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Digestive Diseases and Sciences

, Volume 63, Issue 7, pp 1890–1899 | Cite as

Fecal and Mucosa-Associated Intestinal Microbiota in Patients with Diarrhea-Predominant Irritable Bowel Syndrome

  • Nitsan Maharshak
  • Yehuda RingelEmail author
  • David Katibian
  • Ashley Lundqvist
  • R. Balfour Sartor
  • Ian M. Carroll
  • Tamar Ringel-Kulka
Original Article

Abstract

Background

Irritable bowel syndrome (IBS) has been associated with changes in the intestinal microbiota. Only a few studies have explored differences in the mucosa-associated microbiota between IBS patients and healthy controls (HC).

Aims

To characterize and compare the microbiota in mucosal and fecal samples from carefully selected patients with IBS-D and HC.

Methods

The cohort was composed of 23 diarrhea-predominant IBS (IBS-D) patients and 24 HC. Fresh stool samples were collected from participants prior to the collection of colonic mucosal samples from an unprepped bowel. After DNA extraction, 16S rRNA genes were sequenced by 454 pyrosequencing and analyzed using the QIIME pipeline.

Results

The fecal microbiota (luminal niche) of IBS-D patients was found to have reduced enteric richness compared to HC (P < 0.05), whereas no differences were observed between the two groups within the mucosal microbiota. Within the luminal niche, the relative proportions of Faecalibacterium genus were found to be lower in IBS-D than in HC and the Dorea genus was higher in IBS-D. None of the taxa proportions were significantly different in IBS-D patients versus HC using an FDR of ≤ 0.1 when analyzing samples that appeared in > 25% samples of either niche.

Conclusion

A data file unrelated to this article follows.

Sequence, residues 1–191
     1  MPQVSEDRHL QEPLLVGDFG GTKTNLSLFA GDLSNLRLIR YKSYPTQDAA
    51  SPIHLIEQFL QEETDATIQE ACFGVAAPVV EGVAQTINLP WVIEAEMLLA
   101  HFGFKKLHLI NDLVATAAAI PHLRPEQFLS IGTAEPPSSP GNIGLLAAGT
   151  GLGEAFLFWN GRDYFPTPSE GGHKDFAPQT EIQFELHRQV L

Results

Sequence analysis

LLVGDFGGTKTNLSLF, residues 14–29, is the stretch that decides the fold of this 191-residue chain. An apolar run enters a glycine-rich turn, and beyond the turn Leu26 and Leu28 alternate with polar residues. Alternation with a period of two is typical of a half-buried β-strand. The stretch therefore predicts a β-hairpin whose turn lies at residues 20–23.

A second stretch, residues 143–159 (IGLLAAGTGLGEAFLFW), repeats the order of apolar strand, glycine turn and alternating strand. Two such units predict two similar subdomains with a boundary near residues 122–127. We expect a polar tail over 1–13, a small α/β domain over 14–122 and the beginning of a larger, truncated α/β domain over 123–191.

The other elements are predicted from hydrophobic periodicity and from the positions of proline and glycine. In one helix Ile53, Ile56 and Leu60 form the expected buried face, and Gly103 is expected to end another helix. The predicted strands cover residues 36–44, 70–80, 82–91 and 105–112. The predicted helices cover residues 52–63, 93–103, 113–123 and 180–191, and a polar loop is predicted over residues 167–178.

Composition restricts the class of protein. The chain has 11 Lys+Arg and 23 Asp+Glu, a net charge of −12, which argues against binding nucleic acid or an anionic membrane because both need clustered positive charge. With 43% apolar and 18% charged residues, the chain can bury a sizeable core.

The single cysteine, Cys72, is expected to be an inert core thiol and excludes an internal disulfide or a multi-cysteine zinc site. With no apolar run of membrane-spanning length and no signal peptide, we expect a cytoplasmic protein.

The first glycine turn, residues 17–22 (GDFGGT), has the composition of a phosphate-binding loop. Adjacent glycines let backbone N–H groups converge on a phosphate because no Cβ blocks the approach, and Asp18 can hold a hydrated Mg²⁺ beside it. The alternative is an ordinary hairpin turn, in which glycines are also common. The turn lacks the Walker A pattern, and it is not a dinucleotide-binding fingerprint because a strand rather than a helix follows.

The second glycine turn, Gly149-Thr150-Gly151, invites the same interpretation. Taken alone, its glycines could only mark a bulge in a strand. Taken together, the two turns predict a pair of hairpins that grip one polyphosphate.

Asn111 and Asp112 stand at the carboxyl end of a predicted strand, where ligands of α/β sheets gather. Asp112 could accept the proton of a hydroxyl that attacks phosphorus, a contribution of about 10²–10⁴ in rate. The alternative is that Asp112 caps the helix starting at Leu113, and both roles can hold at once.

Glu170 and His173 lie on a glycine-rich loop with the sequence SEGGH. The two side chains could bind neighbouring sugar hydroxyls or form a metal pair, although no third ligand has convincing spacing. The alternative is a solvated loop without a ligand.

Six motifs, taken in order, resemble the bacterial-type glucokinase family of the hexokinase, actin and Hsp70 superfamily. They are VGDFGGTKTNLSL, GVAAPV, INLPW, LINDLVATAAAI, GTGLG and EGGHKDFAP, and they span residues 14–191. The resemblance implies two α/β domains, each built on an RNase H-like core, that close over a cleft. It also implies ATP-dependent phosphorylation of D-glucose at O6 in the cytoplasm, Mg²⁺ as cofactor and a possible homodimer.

Fecal and mucosal microbiota of IBS-D patients and HC are very similar and are not sufficient to explain the reported altered physiology and symptomatology of IBS-D. Future studies should investigate intestinal microbiome-dependent functional activity in addition to the fecal and mucosal-associated microbial composition.

Keywords

Fecal microbiota Mucosal microbiota Microbiome Irritable bowel syndrome Diarrhea 

Notes

Funding

This study was funded by the U.S. Department of Health and Human Services, National Institutes of Health, National Institute of Diabetes and Digestive and Kidney Diseases-K23 DK075621 (YR).

Compliance with ethical standards

Conflict of interest

None of the authors report conflict of interests.

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Copyright information

© Springer Science+Business Media, LLC, part of Springer Nature 2018

Authors and Affiliations

  • Nitsan Maharshak
    • 1
    • 3
  • Yehuda Ringel
    • 1
    • 2
    Email author
  • David Katibian
    • 3
  • Ashley Lundqvist
    • 1
  • R. Balfour Sartor
    • 1
    • 4
  • Ian M. Carroll
    • 1
  • Tamar Ringel-Kulka
    • 5
  1. 1.Division of Gastroenterology and Hepatology, Center for Gastrointestinal Biology and DiseaseUniversity of North Carolina at Chapel HillChapel HillUSA
  2. 2.Department of Gastroenterology and HepatologyMeir Medical Center, Affiliated with Tel Aviv UniversityKfar SabaIsrael
  3. 3.Bacteriotherapy Clinic, Department of Gastroenterology and Liver Diseases, Tel Aviv Medical Center Affiliated with the Sackler Faculty of MedicineTel Aviv UniversityTel AvivIsrael
  4. 4.Division of Gastroenterology and Hepatology, Center for Gastrointestinal Biology and DiseaseUniversity of North Carolina at Chapel HillChapel HillUSA
  5. 5.Department of Maternal and Child Health, Gillings School of Global Public HealthUniversity of North Carolina at Chapel HillChapel HillUSA

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